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Far from the Madding Crowd The strong-minded Bathsheba Everdene—and the devoted shepherd, obsessed farmer and dashing soldier who vie for her favor—move through a beautifully realized late 19th-century countryside, still almost untouched by the encroachment of modern life. Fox Searchlight Pictures will release a movie version of Far from the Madding Crowd May 1st. Learn more
Book Review: Lucy Plays Panpipes for Peace by Lynette Yetter
By Richard Weekley
"Appreciate the sun - it's where life comes from. / Appreciate the night - a time to rest. / Appreciate your mom - without her you wouldn't be here. / Appreciate your Dad - ditto as above. / Appreciate when someone is a jerk - your are learning self-control. / Appreciate the harsh weather - you are learning endurance. / Appreciate not having everything you want - you are learning to value what you do have. / Appreciate everything - for everything is part of your very life itself."
Lynette Yetter's Lucy Plays Panpipes for Peace is laced with gems of wisdom--simple, straight forward, and direct from the heart. In fact, this novel is like entering a good and trusting heart, a heart that believes that following one's inner intuition leads to the ultimate unfolding of life's essence. Which is not to say that the path is easy, or popular, or that the heart doesn't get broken more than once. Yet, it is not the "heart-breaks" that matter, but how Lucy forges on and seeks a deeper teaching when her expectations and hopes shatter.
It was the noted mythologist, Joseph Campbell, who urged others to "follow your bliss." This is where Lucy begins, a place most of us only intellectually consider. Upon hearing panpipes Lucy, just another California woman, devotes herself to going to where the panpipes are played, meeting and speaking with the players and becoming a piper herself. She equips herself with Spanish, Quechua, pure passion, and a plane ticket to Peru.
How little Lucy knew.
And so it is we readers get the ride of our lives as we are plunged into the unknowns of place and culture. Lucy's bus gets blockaded by angry farmers who refuse to let it pass.Read more ›
Just finished reading Lucy. A very addicting read, that I suspect is more than bit autobiographical, which would explain how the words ring of truth. I enjoyed the points of reference, made from a soul awoken during the 1970's. I could relate. Dug the peppering gabs throughout exposing the raw power of greed flowing across the globe from the hearts of soulless little men living in pentagons and other white houses. Enjoyed the transformation of Lucy, from a Disney chick to a woman whose soul reaches deep into the mountains to discover the true nature of her soul. Very uplifting and encouraging. Loved your slices of real life that would flow so smoothly across the pages, sparkling with color, of tears and life.
The structure of your novel is unique, insertions of poetry (yeah!) with art, and an on going letter with Aunt Bert, who seems to be Lucy's guiding light. At roughly 60,000 words you have created a world that breathes real, and draws the reader with passion. Good job Lynette.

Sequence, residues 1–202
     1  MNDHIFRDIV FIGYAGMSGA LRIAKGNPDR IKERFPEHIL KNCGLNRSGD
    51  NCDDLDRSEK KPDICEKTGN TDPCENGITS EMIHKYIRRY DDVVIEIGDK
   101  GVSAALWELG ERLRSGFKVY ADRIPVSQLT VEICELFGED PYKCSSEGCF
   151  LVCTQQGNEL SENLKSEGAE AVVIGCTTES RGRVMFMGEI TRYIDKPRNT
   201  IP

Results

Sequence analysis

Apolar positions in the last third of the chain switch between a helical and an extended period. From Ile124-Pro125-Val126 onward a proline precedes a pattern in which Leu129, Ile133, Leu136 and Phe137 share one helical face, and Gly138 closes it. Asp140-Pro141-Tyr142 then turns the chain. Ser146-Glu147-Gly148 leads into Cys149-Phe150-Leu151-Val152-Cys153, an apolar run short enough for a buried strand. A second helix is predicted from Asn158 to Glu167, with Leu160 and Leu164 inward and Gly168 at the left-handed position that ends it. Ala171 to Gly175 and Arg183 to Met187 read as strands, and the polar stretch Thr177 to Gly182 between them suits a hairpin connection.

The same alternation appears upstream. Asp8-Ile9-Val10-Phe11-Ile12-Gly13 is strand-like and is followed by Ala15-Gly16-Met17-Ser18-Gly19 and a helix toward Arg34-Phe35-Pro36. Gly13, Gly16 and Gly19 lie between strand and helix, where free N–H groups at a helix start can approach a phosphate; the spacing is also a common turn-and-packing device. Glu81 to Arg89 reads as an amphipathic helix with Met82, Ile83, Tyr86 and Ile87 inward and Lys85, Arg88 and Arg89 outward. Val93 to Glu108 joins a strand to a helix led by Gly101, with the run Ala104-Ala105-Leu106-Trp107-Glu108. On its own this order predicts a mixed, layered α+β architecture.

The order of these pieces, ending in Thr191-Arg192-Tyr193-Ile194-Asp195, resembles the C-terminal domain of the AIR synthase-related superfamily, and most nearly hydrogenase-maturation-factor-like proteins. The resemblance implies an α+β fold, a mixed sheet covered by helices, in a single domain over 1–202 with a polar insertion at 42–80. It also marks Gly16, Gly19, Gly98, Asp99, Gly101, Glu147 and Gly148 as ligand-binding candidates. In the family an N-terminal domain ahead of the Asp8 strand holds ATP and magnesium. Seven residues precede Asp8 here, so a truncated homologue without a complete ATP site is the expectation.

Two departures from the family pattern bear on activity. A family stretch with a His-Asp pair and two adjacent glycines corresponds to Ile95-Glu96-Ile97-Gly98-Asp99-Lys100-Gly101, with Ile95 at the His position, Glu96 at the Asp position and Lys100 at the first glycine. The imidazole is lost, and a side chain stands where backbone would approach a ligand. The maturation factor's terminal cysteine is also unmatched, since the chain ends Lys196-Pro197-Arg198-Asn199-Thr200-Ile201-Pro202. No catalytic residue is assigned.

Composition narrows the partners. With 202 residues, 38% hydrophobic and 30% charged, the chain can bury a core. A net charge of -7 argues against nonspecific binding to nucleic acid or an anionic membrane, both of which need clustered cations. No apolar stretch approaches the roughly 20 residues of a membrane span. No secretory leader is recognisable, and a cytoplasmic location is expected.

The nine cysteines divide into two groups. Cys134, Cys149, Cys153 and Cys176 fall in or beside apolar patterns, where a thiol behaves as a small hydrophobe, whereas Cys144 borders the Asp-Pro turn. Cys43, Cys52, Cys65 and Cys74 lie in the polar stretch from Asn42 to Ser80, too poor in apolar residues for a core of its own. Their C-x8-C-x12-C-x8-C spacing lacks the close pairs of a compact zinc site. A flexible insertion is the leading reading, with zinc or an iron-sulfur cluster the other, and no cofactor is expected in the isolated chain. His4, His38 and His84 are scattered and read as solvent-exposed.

An open-minded, open-hearted idealist sets out on an adventure to do her part for world peace. At first, I kept wishing for more exposition, but then I realized this book is not trying to be a standard novel--it's storytelling. From then on, I enjoyed it thoroughly. (Expectations can really get in the way, can't they?) A good story always makes me wonder--"what would I do in a situation like that?" Lucy demonstrates how a Buddhist might handle some very challenging situations, resulting in win-win resolutions.
I just finished "Lucy" and am impressed. It is so easy to read that quite a few pages go by before I notice I've been reading awhile.The greatest strength of the book is its forthright, straightforward language and purpose. I enjoyed it all, and certainly hope a paper edition goes strongly.
- Lewis Ellingham, author of Poet be like God: Jack Spicer and the San Francisco renaissance (1995), and The Birds and Other Poems (2009)
Lynette Yetter is a Californian of mixed European and Native American ancestry, a graduate student at Reed College, an SGI Buddhist and a permanent resident of Bolivia. Lynette makes music, movies, books and art to inspire you. You can check out her work on lynetteyetter dot com.
The sound of the panpipes called Lynette from California to Bolivia, where she's been a resident since 2002. It felt like coming home. While living her dream of playing panpipes with indigenous Quechua and Aymara friends, chewing the sacred coca leaf and sharing a simpler way of life in Latin America, the harsh realty of globalized U.S.-supported human rights abuses often disrupted that idyllic quest. These experiences inspired her to write the novel "Lucy Plays Panpipes for Peace." Reading this book shines light on indigenous culture in the Andes of Peru and Bolivia in a globalized world and offers hope for the future.
Back in California, after several people in Lynette's extended circle committed suicide over financial worries, she felt compelled to write her second book "72 Money Saving Tips for the 99%." In a cheery upbeat tone she shares tips she learned mainly from indigenous people on how to live more simply and sustainably with our Mother Earth, Pachamama. Most people in the world have been living with a lot less stuff that most folks in the US. And often (of course not always) are happier.